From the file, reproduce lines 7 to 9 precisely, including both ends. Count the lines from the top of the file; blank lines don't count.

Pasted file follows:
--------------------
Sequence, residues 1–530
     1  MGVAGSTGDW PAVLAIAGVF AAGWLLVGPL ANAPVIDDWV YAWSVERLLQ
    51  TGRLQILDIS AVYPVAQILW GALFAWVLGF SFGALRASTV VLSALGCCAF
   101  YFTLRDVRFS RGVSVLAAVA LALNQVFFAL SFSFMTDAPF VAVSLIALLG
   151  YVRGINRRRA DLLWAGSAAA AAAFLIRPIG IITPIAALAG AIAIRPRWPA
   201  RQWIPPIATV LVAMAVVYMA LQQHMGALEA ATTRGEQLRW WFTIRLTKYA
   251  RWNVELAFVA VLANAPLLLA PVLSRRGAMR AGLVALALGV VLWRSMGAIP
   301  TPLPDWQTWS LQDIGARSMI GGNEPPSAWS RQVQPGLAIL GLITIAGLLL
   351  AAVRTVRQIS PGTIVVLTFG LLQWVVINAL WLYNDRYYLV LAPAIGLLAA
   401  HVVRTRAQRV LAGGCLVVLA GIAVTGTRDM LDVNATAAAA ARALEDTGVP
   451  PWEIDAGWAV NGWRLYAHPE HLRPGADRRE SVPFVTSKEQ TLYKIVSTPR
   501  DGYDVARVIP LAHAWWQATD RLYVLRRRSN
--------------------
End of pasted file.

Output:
   251  RWNVELAFVA VLANAPLLLA PVLSRRGAMR AGLVALALGV VLWRSMGAIP
   301  TPLPDWQTWS LQDIGARSMI GGNEPPSAWS RQVQPGLAIL GLITIAGLLL
   351  AAVRTVRQIS PGTIVVLTFG LLQWVVINAL WLYNDRYYLV LAPAIGLLAA